The Madras High Court directed the Election Commission of India, the State Government, and political parties should ensure that the Bengal Elections counting day does not become a “super-spreader” case for the Covid pandemic.
A division bench, led by Chief Justice Sanjib Banerjee and Justice Senthilkumar Ramamoorthy, was looking into the measures taken by the Election Commission and the State Government to ensure COVID acceptable behaviour on May 2 when the votes were counted. The Health Secretary and the Chief Electoral Officer (CEO) have addressed the issue in light of the Court’s previous observations, and have laid down COVID-19 protocols to be followed on the counting day, according to Tamil Nadu Advocate General Vijay Narayan. The AG stated that detailed instructions for sanitising EVMs, disinfecting counting halls, thermal scanning, masks, negative COVID records, and crowd control on the day had been provided. On the day of the vote count, the Chief Justice advised political parties to stop large gatherings, celebrations, and processions.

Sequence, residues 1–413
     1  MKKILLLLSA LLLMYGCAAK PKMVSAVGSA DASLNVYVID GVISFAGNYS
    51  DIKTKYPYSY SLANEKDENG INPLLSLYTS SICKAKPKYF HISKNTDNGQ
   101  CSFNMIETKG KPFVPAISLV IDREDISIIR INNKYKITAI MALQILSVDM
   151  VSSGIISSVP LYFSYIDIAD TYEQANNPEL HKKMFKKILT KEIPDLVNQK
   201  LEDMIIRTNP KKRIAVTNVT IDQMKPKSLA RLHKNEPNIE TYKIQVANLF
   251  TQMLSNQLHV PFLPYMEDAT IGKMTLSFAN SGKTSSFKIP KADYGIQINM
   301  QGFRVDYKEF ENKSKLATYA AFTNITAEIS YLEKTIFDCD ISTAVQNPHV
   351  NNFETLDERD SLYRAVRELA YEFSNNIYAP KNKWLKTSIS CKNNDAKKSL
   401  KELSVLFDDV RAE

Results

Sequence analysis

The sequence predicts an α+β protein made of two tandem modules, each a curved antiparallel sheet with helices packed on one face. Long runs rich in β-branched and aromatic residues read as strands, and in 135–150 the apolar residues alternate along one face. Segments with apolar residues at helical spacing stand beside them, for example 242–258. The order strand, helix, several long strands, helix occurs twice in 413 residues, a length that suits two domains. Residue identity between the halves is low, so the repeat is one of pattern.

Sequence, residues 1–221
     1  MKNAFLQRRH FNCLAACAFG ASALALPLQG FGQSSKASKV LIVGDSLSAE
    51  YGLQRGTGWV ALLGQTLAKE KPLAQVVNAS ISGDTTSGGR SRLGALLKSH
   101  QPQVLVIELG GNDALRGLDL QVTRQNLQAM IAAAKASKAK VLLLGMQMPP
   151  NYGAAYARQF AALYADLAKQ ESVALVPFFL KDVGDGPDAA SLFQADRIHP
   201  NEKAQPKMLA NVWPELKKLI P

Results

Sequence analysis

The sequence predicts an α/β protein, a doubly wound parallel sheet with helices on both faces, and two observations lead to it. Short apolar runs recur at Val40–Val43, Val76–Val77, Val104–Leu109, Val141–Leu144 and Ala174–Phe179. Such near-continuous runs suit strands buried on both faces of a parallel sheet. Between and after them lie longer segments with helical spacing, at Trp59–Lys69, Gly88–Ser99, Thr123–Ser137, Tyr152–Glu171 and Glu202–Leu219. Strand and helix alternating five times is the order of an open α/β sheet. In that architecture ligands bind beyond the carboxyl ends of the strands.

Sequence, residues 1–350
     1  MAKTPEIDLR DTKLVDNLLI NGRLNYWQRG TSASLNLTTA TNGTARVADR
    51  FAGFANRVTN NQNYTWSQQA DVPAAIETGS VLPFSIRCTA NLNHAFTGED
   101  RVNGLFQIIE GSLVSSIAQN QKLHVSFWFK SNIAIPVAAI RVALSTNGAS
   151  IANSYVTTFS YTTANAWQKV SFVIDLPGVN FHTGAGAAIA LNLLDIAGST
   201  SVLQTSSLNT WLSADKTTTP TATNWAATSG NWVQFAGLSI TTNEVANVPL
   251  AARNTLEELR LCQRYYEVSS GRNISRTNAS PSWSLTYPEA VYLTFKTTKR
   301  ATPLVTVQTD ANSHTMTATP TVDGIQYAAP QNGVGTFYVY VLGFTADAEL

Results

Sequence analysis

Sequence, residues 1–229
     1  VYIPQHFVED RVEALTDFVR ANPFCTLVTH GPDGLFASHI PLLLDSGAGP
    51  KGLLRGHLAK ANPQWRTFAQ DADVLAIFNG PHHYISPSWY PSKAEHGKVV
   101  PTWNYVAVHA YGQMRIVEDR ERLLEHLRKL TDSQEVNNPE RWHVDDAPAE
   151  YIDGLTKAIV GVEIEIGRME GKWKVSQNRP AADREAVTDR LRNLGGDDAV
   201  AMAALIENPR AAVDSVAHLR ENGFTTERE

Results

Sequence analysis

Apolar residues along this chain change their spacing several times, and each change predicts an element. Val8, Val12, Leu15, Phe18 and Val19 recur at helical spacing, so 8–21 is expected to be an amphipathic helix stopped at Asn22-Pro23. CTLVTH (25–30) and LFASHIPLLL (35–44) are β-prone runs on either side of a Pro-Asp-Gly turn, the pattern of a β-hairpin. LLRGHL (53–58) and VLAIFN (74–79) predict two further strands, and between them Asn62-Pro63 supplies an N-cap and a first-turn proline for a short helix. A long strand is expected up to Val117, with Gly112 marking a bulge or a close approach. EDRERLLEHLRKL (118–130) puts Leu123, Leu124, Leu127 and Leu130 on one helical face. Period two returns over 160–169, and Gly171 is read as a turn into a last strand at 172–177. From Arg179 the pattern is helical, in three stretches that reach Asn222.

The bench also inquired about the procedure for media on the day of the count. “The inclusion of journalists adds to the throng. The media must be able to count at regular intervals for public information. The presence of the media also acts as a deterrent to unethical conduct. What is the procedure for dealing with media? “Chief Justice Banerjee posed the question. A media protocol, according to the Advocate General, is also in effect. To access the counting booths, journalists must have either an RT-PCR negative result or a certificate stating that they have received two doses of COVID vaccine. The court had previously ordered the Election Commission of India to submit a blueprint to the court detailing its intention to implement the COVID protocol on counting day. If ECI fails to come up with a proposal, the bench has threatened to halt the counting process.